(Hat tip to onegoodmove) The Sagan Appreciation Society has a collection of videos about Carl Sagan, check them out! I never realized that Agent Smith was channeling Sagan. Watch this one and see what I mean:
Tip of the pipette to Phil Plait for reminding me.
Today, Carl Sagan would have been 75 years old if he had not died in 1996. As a scientist, communicator, and humanist he knew the value of science and the importance of helping people understand its full implications. The notion that we need an army of Sagans to fix the problems with public understanding and acceptance of science is often criticized by communication experts as naive – we need more approaches than just his.
But you know what, it wouldn’t hurt to have a few more Carl Sagans running around. There’s room for some more scientist-communicators like Sagan on this pale blue dot.
Yesterday afternoon, it was my privilege to teach a class about bees to a group of young after-school students at the Eagle Heights community center on the UW-Madison campus. Ariela and I taught the same class last year, and although she was not able to make it this time, it was just as fun as ever.
First, the kids sat down (give or take) for a half hour discussion about bees, as I showed them pictures of bees doing various things with a PowerPoint presentation. I taught them how to tell a bee from a wasp, I showed the three different bee castes and what they do, and talked about how important bees are and how they make honey. It was not only a visual presentation but also tactile and olfactory experience. When it came to talking about beeswax comb, I passed around a large piece of natural comb I pulled out of one of our hives. The kids got to smell some beeswax candles, and I showed them the tools we use out in the apiary and all about the frames that make up a hive.
When we were done with questions, we adjourned to the community center’s stainless steel (yes I am jealous) kitchen where my pressure-cooker-turned-steam-generator had already been warming up. The steam powers an uncapping knife to slice open the combs and release the honey. As the layer of wax cappings dripped off, the glowing, golden cells of sweetness awed the group – who lined up to take a turn at spinning the frames in the centrifuge. After showing the gathering pool of honey in the centrifuge, I lifted it up onto the counter to let the honey flow out through the filters and into the waiting bucket.
I kept some honey from the last harvest in the bucket, so it had already settled and lost its bubbles. And one by one the kids filled their little 1/2 cup jelly jars from the spigot, excited to have a treat to take home.
Many of the kids wanted to see the bees themselves, which wouldn’t have been possible this time around, but next year, we might be able to arrange that. Ariela and I look forward to doing more classes about bees for kids – it’s great to see and hear their excitement about something that we as beekeepers are perennially privileged to experience, and I always delight in sharing a little knowledge. We were almost going to have a second bee class this year. Almost. Which is what this post is about. Continue reading Beeing an Atheist
The Onion, while lauded for its weekly satirization of pop culture and news headlines, has a less well-known component, its AV Club. While I do not often read much from this section, even though they are just down the street.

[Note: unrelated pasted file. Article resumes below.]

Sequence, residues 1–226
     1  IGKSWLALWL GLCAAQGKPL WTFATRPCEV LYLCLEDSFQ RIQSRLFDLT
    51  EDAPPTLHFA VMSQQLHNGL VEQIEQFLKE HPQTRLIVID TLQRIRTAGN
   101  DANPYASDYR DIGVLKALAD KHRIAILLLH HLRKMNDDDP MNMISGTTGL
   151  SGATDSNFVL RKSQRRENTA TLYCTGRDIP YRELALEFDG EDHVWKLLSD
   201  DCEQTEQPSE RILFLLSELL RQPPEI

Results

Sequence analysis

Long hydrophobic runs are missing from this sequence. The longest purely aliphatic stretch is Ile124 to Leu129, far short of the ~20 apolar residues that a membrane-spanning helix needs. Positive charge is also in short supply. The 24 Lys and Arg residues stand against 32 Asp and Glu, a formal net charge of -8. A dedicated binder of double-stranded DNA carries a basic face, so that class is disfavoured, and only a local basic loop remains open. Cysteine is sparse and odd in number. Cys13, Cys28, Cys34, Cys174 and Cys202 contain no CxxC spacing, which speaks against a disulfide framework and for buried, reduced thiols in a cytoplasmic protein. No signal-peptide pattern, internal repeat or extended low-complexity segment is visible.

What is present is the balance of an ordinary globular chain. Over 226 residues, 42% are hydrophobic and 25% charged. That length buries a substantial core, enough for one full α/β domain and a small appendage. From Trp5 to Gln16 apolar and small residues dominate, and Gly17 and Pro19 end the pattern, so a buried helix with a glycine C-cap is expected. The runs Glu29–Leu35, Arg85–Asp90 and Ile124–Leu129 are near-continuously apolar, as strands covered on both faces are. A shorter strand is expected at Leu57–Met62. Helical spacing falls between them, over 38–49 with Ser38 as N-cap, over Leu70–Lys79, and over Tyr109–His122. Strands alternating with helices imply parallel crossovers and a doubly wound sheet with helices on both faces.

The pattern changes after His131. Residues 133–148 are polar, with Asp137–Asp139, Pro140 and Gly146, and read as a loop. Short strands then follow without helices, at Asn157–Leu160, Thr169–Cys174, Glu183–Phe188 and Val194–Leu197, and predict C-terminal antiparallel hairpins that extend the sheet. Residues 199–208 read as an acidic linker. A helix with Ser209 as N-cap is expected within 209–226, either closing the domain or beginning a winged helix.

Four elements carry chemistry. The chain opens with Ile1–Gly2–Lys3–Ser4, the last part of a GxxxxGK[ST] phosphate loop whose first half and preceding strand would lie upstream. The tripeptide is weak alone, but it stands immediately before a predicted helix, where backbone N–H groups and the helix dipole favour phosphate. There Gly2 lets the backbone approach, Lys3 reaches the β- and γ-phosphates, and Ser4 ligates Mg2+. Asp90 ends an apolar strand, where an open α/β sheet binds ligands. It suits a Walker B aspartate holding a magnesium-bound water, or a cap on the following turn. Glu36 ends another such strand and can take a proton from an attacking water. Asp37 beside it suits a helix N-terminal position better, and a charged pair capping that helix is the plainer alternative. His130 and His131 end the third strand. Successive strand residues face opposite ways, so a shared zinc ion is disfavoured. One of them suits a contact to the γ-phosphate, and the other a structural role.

But now in anticipation of the new Trek movie coming out this weekend, The Onion’s AV Club put together an intelligent and funny review of the sociological commentary that Star Trek has provided over the years, whether written well or not. Read Space-Racism is Bad.
A few of my favorites are in there, such as a comment on the stupidity of the Borg Queen concept while talking about keeping perspective in First Contact, and some subtle lessons about both immigration and abortion rights in Up The Long Ladder. But the best part of the article was Continue reading Things I learned from Star Trek
This is the first year that Ariela and I are spending the Winter Holiday season away from our families. We decided to spend Christmas, Kitzmas, Squidmas, Festivus, and the Solstice in Madison to relax, keep warm, and save some money. Since We’ve been in Wisconsin, we’ve traveled five times to California, mostly for wedding-related business. Now that we have a house, finances are suddenly a big thing! Continue reading Christmas in Wisconsin
Richard Dawkins is coming to my humble city of Madison, Wisconsin! Sweet. I last met Dawkins in San Francisco one and a half years ago at the Palace of Fine Arts. It was there that I learned that if you don’t know what question to ask a big speaker, don’t wait to get in line – think of it in line! Doesn’t always pan out… but at least you get the chance.
Many people in Madison already know about the Tuesday night talk, but Dawkins is doing a little more than that while he’s here. Here are the events I’ve found relating to his visit: Continue reading Dawkins in Madison
It’s not like I watch cable TV directly. But I support the current strike by the Hollywood Writers. Why?
There’s a metric ass-load of crap produced out there. On TV and in the theaters. I’ve gone to one crappy movie too much and regretted not buying a book on philosophy with the movie instead. I’ve sat through way too many crappy sitcoms and other TV shows when I was younger. I’ve watched with dismay as “Reality TV” shows cropped up and people ate them up without thinking. Because not a lot of thinking goes into it all. Continue reading Why I support the strike
I’m going to the Freedom From Religion Foundation convention this weekend, which is being held here in Madison. The Freedom From Religion Foundation is based in Madison, and some of the speakers at this weekend’s event include Christopher Hitchens, and Julia Sweeney. I’ve never been to one of these, so I wonder what it will be like? Continue reading Madison Meetup and FFRF